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When Cute Really Isn’t Cute

Author: Andrea Obey | Date: November 7, 2013

I adore a cute photo of a kitten, baby or puppy as much as the next person, and I think some silly dog behaviors are amusing tricks. But when do these things indicate a potentially dangerous situation? For example, what about a video of a baby being “protected” by a dog?  Or a dog spinning for food?

How can you tell the difference between something that can be problematic and something that is just a little silly?

Generally speaking, behaviors that are repetitive like spinning/tail chasing, shadow chasing, pacing, etc. that appear to serve no purpose can indicate larger problems. If they are triggered by something or seem to be spontaneous and repetitive to the point where the dog has a hard time stopping, that’s not a good thing.  The dog who starts to shadow chase when company comes over is quite different than the dog you’ve taught to do a spin on cue.

I’m not a fan of photos of babies lying with a dog either.  Yes, they can be cute, but I sort of freak out whenever I see one. See the picture accompanying this blog? That’s me with my aunt’s dog Duke.  I remember him being a good dog but since I was only around two years old, I certainly don’t remember much about him.  I look at the photo now and think, “Were my parents trying to off me?” At least Duke is looking at me, being polite and doesn’t seem too stressed, but he also doesn’t look all that happy.

People tend to put dogs in situations with kids or babies that are very stressful and set the dogs up for a potential major failure. I’ve been  fortunate enough to meet some great dogs who were very well socialized with children and they were very tolerant of many naughty kid shenanigans. But still, most people do not recognize the signs of stress (see Sarah Gaziano’s blog about calming signals) way before a dog feels it needs to tell everyone to back off with its teeth.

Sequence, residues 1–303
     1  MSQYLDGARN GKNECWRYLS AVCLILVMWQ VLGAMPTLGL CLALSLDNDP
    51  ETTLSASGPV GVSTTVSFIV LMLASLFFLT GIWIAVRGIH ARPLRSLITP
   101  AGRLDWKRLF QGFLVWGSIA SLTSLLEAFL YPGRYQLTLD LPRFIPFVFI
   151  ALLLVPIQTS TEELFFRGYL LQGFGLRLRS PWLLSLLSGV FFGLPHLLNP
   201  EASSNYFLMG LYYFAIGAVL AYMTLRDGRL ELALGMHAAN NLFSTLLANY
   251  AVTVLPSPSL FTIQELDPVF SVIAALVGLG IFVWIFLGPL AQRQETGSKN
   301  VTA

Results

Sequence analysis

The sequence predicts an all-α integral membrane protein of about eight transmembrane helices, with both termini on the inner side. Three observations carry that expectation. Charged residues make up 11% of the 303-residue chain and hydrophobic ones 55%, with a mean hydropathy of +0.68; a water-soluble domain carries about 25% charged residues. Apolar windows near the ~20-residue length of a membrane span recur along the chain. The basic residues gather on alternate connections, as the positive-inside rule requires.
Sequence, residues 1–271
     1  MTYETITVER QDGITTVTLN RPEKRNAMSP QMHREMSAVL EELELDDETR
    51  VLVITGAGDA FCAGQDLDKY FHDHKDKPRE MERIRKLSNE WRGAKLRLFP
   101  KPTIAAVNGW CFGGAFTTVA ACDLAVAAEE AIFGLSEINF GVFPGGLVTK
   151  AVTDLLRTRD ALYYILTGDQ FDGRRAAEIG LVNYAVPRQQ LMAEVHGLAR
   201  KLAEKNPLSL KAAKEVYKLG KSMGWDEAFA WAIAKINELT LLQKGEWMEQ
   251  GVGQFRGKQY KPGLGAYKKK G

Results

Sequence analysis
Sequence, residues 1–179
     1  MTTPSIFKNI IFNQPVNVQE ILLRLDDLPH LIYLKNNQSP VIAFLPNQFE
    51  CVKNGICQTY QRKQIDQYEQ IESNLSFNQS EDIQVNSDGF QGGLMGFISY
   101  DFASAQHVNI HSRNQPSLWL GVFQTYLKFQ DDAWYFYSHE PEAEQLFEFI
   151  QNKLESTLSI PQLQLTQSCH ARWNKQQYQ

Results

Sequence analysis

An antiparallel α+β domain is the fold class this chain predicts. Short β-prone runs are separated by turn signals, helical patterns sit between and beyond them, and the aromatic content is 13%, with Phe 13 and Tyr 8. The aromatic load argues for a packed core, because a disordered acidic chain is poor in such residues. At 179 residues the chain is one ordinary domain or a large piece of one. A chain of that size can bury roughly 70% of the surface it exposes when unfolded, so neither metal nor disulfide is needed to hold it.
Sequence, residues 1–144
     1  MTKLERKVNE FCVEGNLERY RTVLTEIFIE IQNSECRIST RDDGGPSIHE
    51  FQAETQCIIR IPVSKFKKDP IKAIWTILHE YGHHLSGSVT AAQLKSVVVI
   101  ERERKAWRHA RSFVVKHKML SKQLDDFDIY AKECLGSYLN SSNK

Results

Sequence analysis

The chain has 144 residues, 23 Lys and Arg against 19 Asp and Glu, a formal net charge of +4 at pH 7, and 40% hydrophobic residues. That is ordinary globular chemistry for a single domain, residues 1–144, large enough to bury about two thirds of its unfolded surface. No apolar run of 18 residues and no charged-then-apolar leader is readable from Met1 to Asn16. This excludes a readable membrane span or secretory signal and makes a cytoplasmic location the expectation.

So, we have two very different situations here that all stem from the cuteness factor.

One could end up in a bite and another could very well mean your dog needs to see a behaviorist for locomotor sterotypic behavior problems. It really isn’t worth a potentially dangerous situation to force any dog to have a toddler riding its back or to encourage a dog to “get the shadow”.

If you have noticed any stress in your dog around children or babies, or if your dog is experiencing any obsessive behaviors please contact a trainer to help guide you.

We want to see all the cute pictures and watch the silly things your dog can do, but safely and from a happy, healthy place.


I honestly thought my dog was just bad. With training, Cookie is now a different dog!

Christina W. | View Client Testimonials


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